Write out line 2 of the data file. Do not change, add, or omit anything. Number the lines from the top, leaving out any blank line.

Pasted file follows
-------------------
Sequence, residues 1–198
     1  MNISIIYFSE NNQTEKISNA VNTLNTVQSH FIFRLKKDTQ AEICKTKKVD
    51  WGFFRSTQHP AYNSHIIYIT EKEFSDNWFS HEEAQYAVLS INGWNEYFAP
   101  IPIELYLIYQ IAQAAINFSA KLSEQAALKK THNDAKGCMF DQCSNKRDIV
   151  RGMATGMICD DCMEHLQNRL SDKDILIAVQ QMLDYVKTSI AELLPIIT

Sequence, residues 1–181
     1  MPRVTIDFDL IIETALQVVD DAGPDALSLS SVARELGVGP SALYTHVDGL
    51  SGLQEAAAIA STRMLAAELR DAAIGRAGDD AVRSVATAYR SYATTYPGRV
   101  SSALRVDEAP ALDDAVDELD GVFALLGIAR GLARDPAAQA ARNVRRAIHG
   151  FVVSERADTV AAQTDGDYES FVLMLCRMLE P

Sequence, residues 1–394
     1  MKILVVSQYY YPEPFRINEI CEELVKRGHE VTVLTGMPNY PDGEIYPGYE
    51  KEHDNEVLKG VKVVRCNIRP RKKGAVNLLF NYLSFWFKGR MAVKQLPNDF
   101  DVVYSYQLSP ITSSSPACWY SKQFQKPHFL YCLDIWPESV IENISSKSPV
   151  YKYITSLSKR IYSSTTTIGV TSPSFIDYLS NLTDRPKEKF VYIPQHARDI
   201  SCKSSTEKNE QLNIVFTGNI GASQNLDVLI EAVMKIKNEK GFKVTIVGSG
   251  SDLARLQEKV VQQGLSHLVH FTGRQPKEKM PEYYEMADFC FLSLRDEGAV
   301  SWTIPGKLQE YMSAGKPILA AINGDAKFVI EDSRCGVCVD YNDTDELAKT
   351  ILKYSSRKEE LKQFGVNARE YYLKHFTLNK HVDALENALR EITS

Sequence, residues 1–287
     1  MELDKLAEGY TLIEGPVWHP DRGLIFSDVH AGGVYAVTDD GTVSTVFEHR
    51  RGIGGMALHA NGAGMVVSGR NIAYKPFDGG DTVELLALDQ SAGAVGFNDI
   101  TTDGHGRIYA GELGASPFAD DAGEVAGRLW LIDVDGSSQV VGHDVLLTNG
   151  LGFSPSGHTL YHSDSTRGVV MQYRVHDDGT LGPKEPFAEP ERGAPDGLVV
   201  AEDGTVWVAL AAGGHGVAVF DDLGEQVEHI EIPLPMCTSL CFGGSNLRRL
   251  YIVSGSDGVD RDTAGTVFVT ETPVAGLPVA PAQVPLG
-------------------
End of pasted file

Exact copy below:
     1  MNISIIYFSE NNQTEKISNA VNTLNTVQSH FIFRLKKDTQ AEICKTKKVD